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The Mysterious Island Paperback – 7 Feb 2014


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Product details

  • Paperback: 812 pages
  • Publisher: CreateSpace Independent Publishing Platform (7 Feb 2014)
  • Language: English
  • ISBN-10: 149546833X
  • ISBN-13: 978-1495468339
  • Product Dimensions: 15.2 x 4.6 x 22.9 cm
  • Average Customer Review: 4.3 out of 5 stars  See all reviews (22 customer reviews)
  • Amazon Bestsellers Rank: 2,466,683 in Books (See Top 100 in Books)

Product Description

About the Author

Jules Verne (1828-1905) was a French novelist who pioneered the genre of science fiction. He maintained a large library and always kept up on scientific and technological progress. A true visionary with an extraordinary talent for writing adventure stories, his writings incorporated the latest scientific knowledge of his day and envisioned technological developments that were years ahead of their time. Verne wrote about undersea, air, and space travel long before any navigable or practical craft were invented. Verne, along with H.G. Wells, is considered the "Father of Science Fiction." Verne wrote over 50 novels and numerous short stories. Some of his most successful novels appeared as a series collectively known as Extraordinary Voyages. This series included such notable works as Journey to the Center of the Earth (1864), From the Earth to the Moon (1865), Twenty Thousand Leagues Under the Sea (1869), and Around the World in Eighty Days (1872). These timeless classics hold the same fascination today as they did when they were first written. Verne is one of the two most translated authors of all time. Due to the popularity of his novels, many of them have been made into feature length films. --This text refers to an alternate Paperback edition.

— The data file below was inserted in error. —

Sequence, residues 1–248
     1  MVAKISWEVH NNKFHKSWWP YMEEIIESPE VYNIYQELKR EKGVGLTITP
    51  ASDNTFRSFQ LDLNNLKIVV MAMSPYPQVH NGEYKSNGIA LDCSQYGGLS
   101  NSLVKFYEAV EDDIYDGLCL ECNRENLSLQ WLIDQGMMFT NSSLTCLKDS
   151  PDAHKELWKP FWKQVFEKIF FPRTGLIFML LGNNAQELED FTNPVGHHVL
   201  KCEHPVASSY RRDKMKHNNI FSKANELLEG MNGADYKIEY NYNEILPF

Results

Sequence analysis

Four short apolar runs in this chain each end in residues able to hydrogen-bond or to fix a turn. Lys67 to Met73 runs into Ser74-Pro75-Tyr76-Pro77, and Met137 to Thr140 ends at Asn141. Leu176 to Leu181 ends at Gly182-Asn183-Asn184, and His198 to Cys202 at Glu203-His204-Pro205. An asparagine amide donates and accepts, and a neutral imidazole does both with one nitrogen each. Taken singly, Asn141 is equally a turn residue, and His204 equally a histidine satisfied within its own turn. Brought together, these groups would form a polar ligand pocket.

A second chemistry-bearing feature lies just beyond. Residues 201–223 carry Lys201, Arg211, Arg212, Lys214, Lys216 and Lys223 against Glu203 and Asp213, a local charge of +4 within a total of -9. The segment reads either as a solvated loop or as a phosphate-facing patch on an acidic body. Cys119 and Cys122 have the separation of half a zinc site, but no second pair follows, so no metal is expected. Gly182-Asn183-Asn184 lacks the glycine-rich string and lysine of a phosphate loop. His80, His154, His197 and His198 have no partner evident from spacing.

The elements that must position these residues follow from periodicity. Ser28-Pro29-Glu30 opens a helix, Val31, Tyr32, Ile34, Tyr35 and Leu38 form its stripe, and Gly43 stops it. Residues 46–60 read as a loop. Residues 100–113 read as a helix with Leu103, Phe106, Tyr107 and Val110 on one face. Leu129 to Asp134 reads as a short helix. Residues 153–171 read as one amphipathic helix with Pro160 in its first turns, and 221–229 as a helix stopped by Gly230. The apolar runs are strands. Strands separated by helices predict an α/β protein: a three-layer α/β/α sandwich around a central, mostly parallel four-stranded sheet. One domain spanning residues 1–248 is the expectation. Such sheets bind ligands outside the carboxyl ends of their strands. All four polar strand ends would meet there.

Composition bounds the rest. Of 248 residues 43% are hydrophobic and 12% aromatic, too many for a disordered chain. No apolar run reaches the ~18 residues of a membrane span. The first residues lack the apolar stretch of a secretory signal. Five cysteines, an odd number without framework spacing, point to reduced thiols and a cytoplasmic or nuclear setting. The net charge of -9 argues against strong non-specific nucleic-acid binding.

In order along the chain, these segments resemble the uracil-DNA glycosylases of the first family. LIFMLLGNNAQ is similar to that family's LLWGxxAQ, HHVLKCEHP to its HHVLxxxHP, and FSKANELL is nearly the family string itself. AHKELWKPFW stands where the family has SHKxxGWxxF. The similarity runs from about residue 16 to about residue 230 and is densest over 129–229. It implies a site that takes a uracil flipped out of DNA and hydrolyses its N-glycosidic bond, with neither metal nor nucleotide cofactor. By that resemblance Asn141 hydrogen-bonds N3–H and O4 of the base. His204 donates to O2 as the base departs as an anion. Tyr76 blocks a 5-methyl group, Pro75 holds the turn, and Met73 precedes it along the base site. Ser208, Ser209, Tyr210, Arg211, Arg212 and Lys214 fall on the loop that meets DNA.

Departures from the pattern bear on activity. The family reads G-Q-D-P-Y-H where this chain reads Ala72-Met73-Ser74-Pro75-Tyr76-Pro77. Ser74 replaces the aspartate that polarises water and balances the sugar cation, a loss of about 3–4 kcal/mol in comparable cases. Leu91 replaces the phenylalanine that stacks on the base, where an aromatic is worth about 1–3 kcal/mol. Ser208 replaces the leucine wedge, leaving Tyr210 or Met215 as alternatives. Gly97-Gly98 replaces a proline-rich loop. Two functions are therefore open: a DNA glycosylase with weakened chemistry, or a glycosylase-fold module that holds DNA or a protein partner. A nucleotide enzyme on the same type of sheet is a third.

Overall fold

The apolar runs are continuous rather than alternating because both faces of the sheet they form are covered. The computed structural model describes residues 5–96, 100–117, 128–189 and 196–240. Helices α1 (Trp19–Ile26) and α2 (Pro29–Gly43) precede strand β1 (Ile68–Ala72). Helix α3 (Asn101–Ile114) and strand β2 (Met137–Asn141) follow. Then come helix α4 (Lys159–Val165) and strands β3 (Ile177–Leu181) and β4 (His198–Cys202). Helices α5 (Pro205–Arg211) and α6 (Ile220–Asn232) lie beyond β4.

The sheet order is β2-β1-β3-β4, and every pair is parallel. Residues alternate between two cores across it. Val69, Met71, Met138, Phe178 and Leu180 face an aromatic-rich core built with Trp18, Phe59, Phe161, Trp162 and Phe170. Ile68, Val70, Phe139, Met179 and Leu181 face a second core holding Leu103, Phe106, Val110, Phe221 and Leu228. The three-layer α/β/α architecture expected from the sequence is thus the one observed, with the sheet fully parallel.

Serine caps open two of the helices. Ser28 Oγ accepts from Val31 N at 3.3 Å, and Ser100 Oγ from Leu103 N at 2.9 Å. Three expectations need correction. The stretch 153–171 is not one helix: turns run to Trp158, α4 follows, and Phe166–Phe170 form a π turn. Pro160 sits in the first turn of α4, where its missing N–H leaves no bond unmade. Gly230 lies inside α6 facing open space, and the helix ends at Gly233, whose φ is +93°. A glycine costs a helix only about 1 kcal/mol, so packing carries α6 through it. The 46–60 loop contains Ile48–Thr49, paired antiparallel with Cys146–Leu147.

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Customer Reviews

4.3 out of 5 stars

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10 of 10 people found the following review helpful By Barty Literati on 16 May 2010
Format: Paperback
A REVIEW OF 'THE MYSTERIOUS ISLAND' BY JULES VERNE

'The Mysterious Island' (1874) is one of the lesser-known works of Jules Verne, who today tends to be remembered for his three masterpieces, 'Journey To The Centre Of The Earth', '20,000 Leagues Under The Sea' and 'Around The World In 80 Days'. However, the relative obscurity of 'The Mysterious Island' must not be used to assume that this is somehow a less enjoyable or less worthy novel from the master of Extraordinary Voyages (the collective name given to Verne's writings). Indeed, the many merits of the book are confirmed by the fact that Hollywood saw fit to commit numerous versions to film, perhaps the most famous being made in 1961. Another factor in the novel's favour is that it is technically the sequel to '20,000 Leagues Under The Sea' and can be read as a companion piece to the more famous prequel.

The plot of 'The Mysterious Island' centres around a balloon-wreck (!), which leaves 5 escapees from The American Civil War on a seemingly-deserted Pacific island which they choose to name Lincoln Island. Over the course of the numerous years in which they inhabit the land mass, they create their own civilisation and stamp their mark upon a landscape previously untouched by man, with the growing hope that Lincoln Island will eventually form part of the American Union. However, as they endeavour to initially survive and then flourish in their new environment, the fortunes of the men appear to be being manipulated by a mysteriously beneficent and possibly supernatural force.